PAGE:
Already, Wetang’ula and Mudavadi separately consider themselves as “third in command” in political influence and power after President Ruto and DP Rigathi Gachagua. Internal political competition is one great hurdle that the two leaders will have to overcome if they are to avoid the same pitfalls as their predecessors.
Unlike the neighbouring Luo community, or the Kikuyu and Kalenjin, who ordinarily rally their support behind one leader at a time, Luhya politics has over the years been characterised by intense rivalry between leaders from the community.
In 2002, for instance, when President Daniel arap Moi of the then ruling Kanu party appointed Mudavadi as the vice-president – the first from the community – he received strong opposition from Michael Kijana Wamalwa of Ford-Kenya. Wamalwa went ahead to vanquish Mudavadi and Kenyatta at the ballot to become the eighth VP.
Wamalwa passed on in August 2003, and although President Mwai Kibaki replaced him with another Luhya – Moody Awori – the move was resisted by leaders from present-day Bungoma and Trans Nzoia counties.
Musikari Kombo, who replaced Wamalwa as Ford-Kenya party boss, led protests to Kibaki, saying they wanted a new VP appointed from either of the two counties and from the Ford-Kenya fraternity. Awori, from Busia County, was then allied to Odinga’s Liberal Democratic Party.
The disagreements are reminiscent of the political supremacy battles witnessed in the 1970s and 1980s between ex-Cabinet minister in the Jomo Kenyatta government Masinde Muliro and Musalia’s father, Moses Mudavadi, who was a powerful Local Government minister in Moi’s government.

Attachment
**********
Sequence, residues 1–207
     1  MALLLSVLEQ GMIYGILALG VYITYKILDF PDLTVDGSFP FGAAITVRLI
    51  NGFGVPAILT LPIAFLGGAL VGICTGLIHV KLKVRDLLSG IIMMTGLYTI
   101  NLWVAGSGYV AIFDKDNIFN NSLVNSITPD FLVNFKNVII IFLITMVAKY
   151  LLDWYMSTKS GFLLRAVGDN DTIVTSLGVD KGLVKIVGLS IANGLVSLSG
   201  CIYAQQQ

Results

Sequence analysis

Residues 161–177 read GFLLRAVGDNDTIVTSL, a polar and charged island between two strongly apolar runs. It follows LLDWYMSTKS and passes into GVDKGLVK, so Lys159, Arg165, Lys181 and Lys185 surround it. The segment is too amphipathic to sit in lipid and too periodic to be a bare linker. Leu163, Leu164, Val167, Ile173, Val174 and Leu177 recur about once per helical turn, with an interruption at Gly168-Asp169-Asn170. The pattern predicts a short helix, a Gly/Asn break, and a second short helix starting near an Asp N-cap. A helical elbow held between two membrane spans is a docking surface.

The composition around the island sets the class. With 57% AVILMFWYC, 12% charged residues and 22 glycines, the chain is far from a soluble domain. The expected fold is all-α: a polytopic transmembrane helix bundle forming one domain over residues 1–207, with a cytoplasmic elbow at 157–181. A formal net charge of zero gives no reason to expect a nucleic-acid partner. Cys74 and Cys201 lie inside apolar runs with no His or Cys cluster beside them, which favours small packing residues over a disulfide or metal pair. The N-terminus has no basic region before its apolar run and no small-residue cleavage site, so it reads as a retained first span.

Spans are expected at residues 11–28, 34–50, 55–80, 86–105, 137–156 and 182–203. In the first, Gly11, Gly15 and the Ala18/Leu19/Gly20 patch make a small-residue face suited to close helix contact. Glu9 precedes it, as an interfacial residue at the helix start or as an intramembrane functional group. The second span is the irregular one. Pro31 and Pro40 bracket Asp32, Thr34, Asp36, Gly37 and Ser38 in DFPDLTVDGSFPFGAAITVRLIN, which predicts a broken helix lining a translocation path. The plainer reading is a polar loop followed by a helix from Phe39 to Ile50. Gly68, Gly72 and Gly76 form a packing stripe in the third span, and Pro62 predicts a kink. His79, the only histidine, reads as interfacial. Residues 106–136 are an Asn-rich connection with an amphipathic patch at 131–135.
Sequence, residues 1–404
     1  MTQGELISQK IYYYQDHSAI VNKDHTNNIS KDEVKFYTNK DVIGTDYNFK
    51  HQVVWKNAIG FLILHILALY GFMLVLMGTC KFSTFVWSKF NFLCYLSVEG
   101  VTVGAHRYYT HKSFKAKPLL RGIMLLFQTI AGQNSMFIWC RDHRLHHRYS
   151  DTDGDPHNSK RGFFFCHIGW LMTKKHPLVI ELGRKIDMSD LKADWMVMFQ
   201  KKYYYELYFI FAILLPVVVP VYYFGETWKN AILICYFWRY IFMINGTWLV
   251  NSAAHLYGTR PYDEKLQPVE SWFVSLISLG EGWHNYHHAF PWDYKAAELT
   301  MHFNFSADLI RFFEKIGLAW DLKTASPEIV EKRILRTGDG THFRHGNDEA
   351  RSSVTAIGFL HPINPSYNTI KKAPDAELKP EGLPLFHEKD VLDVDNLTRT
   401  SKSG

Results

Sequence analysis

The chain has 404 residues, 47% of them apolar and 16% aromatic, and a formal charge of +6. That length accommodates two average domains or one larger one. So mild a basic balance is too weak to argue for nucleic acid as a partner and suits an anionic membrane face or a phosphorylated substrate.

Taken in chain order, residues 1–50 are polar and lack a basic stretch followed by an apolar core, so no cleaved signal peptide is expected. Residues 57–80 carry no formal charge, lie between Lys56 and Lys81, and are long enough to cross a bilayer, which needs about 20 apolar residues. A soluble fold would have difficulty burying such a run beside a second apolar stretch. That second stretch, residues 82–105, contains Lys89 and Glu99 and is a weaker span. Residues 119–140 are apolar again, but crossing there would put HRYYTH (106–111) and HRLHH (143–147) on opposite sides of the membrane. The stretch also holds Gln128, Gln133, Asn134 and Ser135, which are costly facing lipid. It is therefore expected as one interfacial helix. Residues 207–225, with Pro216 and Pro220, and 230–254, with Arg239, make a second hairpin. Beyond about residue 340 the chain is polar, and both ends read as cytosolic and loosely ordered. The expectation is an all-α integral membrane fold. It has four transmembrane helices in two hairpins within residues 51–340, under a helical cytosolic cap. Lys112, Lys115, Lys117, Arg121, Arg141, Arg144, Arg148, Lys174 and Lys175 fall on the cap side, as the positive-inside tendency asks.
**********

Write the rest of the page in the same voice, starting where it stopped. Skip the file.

The stars of other influential politicians of the time, including Butere MP Martin Shikuku and his Kimilili counterpart, Elijah Mwangale, similarly failed to shine on the national stage.
Shikuku, for instance, vied for the presidency in 1997 under the Ford-Asili party, garnering a paltry 36,302 votes that represented 0.60 per cent of the votes cast.
Their numbers notwithstanding, Wabwire surmises that the political leaders of the Luhya – the second largest community after the Kikuyu – have over the decades lacked unity and coordinated focus.
While, for instance, the senior Mudavadi is credited for fostering development, including securing employment for residents from the region, Muliro focused more on political unity as a means of securing power.
Wabwire, nonetheless, hails the long-standing cordial relations witnessed between Mudavadi and Wetang’ula.
The two Kenya Kwanza principals now shoulder the political dream of most western Kenya residents, who are fixated with the notion of occupying the country’s top seat. While all Luhya political players agree that one of the two should rise to the helm of the country’s leadership, the avenue of realising this goal remains a major source of debate and disagreement.
Wetang’ula, for instance, holds that locals must first “politically free themselves” from Odinga’s stranglehold, which explains his decision late last year to defect from the defunct National Super Alliance to team up with Ruto.
The next step, according to him, is to win over the ODM leader’s supporters in the region before seeking backing from other Kenyans.
But Oparanya considers such an approach simplistic and a product of siege mentality. The former governor believes the region can only make an impact on the national stage by teaming up with neighbouring communities under the old “Kavirondo” arrangement, and not through the exclusion of other communities.
As the Mudavadi-Wetang’ula pair settles down in the new political dispensation under Ruto, observers and pundits will be on the alert, monitoring how they balance between executing their campaign pledges and manoeuvering their way on the political chessboard towards the coveted prize in 2027, and beyond.